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Burnout: Now Recognised As Chronic Condition!

While some people may dismiss burnout as a myth – the World Health Organisation added Burnout to the International Classification of Diseases, meaning it will become a globally recognised medical condition as of 2020.

Burnout is defined as chronic workplace stress that has not been successfully managed and in today’s working environment it is more common than ever.

“You can reach ‘burnout’ when your nervous system is in overdrive for too long, often due to stress. A lack of rest, relaxation or general ‘downtime’ from stress is like depriving your body of good food – eventually your energy and mental resources start to run out. The results can include fatigue or exhaustion, so that even the smallest things become an effort.

You might feel emotional or short-tempered, find it hard to concentrate or make decisions, and find that even little things upset you,” explains Nutritionist and Fitness Instructor Cassandra Barns. If this sounds familiar our experts are on hand to offer their advice to help you minimise the effects of a burnout.

1. Practice mindfulness

Psychologist and Psychotherapist Corinne Sweet working in association with ThinkWell LiveWell, the new mindfulness toolkit for practical people (www.thinkwell-livewell.com) explains why we’re struggling to slow down and relax, “We are finding it hard to slow down and relax due to the increased pace of life at work, home, socially.

Constant social media updates, 24/7 news feeds, shops open all hours. Flexible working and zero hour contracts mean old boundaries have melted and we are ‘on’ continuously. To prevent burnout we need to pace ourselves on a human scale. We need to eat well, sleep adequately, wind down, take exercise, moderate addictive pulls (limit alcohol, caffeine), and learn basic mindfulness techniques to live more in the present.

Top tip: Try ThinkWell-LiveWell

ThinkWell-LiveWell aims to meet people’s real needs in a practical, accessible way. Its innovations in personalisation and multi-disciplinary experiences take people through a complete process of change and development at the emotional, awareness and behavioural levels – in much the same way as face-to-face counselling or coaching would do.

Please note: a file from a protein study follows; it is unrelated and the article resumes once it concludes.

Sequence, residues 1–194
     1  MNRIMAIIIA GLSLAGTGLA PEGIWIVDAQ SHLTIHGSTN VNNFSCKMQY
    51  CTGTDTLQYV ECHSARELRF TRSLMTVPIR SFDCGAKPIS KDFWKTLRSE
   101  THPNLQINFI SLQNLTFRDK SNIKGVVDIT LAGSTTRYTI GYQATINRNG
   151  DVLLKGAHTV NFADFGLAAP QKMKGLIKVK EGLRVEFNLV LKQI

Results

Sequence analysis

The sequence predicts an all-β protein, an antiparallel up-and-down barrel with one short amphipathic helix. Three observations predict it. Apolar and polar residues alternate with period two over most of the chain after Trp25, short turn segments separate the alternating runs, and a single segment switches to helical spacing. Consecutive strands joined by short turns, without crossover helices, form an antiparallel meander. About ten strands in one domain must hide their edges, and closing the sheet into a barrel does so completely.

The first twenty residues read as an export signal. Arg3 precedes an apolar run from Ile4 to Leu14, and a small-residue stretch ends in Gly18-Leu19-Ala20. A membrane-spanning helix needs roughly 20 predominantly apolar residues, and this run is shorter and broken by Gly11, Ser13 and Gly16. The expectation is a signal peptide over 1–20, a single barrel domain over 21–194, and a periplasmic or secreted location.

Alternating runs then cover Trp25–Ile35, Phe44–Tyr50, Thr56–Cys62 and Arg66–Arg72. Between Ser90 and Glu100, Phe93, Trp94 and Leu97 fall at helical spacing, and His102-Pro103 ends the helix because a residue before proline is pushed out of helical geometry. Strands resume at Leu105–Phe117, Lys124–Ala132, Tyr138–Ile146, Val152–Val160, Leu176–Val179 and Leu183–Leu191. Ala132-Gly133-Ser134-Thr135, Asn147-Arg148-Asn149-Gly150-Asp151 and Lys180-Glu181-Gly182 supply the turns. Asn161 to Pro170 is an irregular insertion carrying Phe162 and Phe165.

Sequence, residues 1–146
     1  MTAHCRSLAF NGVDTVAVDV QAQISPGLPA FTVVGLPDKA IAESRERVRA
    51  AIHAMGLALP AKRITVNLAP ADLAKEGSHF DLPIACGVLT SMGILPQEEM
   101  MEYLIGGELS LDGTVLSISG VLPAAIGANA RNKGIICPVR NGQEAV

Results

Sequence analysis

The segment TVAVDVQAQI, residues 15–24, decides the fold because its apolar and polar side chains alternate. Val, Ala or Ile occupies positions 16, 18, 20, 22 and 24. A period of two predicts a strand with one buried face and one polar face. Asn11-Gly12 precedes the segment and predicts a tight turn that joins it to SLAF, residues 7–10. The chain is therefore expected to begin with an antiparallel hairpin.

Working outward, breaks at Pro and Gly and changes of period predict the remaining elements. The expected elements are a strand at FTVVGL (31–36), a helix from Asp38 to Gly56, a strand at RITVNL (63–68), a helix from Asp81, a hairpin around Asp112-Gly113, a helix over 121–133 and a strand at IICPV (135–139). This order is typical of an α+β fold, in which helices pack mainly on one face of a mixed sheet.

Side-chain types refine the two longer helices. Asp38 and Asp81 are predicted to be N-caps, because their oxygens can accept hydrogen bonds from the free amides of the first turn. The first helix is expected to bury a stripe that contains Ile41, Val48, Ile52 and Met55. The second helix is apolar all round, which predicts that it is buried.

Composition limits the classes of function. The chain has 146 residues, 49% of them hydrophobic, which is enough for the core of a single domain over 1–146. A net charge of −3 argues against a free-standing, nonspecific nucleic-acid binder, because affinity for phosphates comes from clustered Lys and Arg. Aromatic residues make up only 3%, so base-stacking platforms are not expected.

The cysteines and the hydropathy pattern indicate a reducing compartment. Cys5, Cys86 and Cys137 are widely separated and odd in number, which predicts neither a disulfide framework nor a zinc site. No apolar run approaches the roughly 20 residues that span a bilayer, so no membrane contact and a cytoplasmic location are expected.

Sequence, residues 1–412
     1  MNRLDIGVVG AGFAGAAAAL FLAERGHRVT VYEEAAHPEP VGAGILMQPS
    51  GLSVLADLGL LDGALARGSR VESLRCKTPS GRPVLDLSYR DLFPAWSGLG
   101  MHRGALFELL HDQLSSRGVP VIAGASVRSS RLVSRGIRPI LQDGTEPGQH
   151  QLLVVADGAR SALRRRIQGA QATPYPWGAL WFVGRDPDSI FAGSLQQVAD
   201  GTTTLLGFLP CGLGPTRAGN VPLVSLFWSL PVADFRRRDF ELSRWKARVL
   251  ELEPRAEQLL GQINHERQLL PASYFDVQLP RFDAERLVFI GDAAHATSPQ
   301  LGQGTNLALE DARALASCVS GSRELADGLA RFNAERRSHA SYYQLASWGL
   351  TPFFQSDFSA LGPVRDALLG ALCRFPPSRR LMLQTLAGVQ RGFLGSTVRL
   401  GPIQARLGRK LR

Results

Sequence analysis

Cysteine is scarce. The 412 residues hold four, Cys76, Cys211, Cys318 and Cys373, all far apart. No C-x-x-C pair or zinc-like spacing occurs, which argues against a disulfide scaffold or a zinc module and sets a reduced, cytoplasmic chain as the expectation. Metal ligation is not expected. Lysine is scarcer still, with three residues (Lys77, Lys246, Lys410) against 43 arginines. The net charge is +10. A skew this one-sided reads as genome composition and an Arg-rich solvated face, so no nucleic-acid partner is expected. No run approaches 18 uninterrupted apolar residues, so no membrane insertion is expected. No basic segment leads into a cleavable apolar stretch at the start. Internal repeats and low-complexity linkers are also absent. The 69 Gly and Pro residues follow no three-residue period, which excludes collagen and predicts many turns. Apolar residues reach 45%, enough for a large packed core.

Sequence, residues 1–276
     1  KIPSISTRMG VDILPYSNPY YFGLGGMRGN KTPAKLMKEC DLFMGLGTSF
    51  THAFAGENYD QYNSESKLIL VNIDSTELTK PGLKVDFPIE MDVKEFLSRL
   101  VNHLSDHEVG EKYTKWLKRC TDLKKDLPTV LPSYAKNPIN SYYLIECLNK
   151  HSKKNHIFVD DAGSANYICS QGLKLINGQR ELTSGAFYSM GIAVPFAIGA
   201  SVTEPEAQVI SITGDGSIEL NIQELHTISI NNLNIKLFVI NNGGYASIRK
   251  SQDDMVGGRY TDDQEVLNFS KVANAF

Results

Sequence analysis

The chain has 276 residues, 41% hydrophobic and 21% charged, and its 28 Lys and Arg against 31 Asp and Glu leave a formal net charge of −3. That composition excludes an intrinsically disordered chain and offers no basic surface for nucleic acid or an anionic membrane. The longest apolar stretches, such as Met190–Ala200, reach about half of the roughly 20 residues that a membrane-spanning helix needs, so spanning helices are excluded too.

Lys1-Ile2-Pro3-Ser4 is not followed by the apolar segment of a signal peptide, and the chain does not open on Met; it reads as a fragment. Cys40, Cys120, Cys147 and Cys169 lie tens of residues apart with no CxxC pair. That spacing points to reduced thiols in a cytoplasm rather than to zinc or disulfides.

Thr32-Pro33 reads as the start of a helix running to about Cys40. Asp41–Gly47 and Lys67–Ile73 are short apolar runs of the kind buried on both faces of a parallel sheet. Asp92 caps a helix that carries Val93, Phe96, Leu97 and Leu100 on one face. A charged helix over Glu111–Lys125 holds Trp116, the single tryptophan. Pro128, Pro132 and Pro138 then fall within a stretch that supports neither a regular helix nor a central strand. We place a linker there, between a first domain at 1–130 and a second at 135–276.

The ThinkWell-LiveWell ‘Mindfulness and More’ toolkit draws on it’s founder Mick’s own multi-modular approach as a therapist to add and combine leading techniques such as cognitive work, NLP, hypnotherapy, guided meditation and dream-work, delivered in both online and offline forms.

2. Invest in houseplants


London’s Leading Nutritionist Lily Soutter (www.lilysoutternutrition.com) recommends using houseplants for their calming benefits. “Many of us know that being close to greenery and nature brings a sense of calmness and ease to our surroundings.

Houseplants are a stylish way of bringing a touch of the outdoors into our home. Not only do they help improve air quality and lift mood, but plants may have specific health properties of their own”.  Lavender could be particularly helpful if you’re worried about burnout as it can help with stress reduction and sleep.

“Lavender is the plant of choice when it comes to getting a more restful night sleep. In fact, research has shown improvements in sleep quality in those who are struggling with stress and insomnia, with effects being seen from both oral supplements and aromatherapy. Whilst lavender tends to be an outdoor plant, growing this beautifully scented plant indoors can be well worth your time. Ensure that your pot plant has access to bright daylight and fresh air.”

Lily’s Top Tip: “Before bed, simply take a few deep breaths, inhaling the relaxing floral scent of your lavender plant for a calmer more restful nights sleep. You can also try drying some lavender buds to make potpourris, you can then add to a cotton bag and leave on your pillow for scented sheets.”

3. Prioritise

We all want to be able to do everything on our list but sometimes it’s essential to go through your workload and prioritise. The UK’s leading nutritionist Dr Marilyn Glenville (www.marilynglenville.com) explains, “If you feel the symptoms of stress coming on, learn to get your priorities right.

There is nothing in your life right now more important than your health. Learn to say no if you feel that you have taken on too much. Being assertive is invigorating and empowering. It also helps to make lists of what is or is not a priority and to tackle the priority tasks first. This will help give you a sense of control over your life.”

4. A helping hand from Hemp

Cassandra explains, “Phytocannabinoids are natural substances found in the hemp plant, most of which are non-psychoactive – in other words, they don’t have the mind or behaviour-altering effects associated with cannabis as a drug.

Research has suggested that some phytocannabinoids can have benefits for our health – including anti-anxiety, calming effects. For this reason, a supplement containing natural phytocannabinoids such as HempCeutix Complete could have benefits for calming our nervous system and helping prevent burnout.” Try Natures Plus brand-new HempCeutix capsules to help harmonise your mind and body (RRP £45.99,www.planetorganic.com)

5. Use essential oils

As well as prioritising, Marilyn suggests – “Make an effort to relax before you get into bed. Consider using some aromatherapy oils, such as bergamot or roman chamomile and marjoram in a warm bath, just before bed. A few drops of aromatherapy oils on your pillow at bedtime, can have the same effect.”


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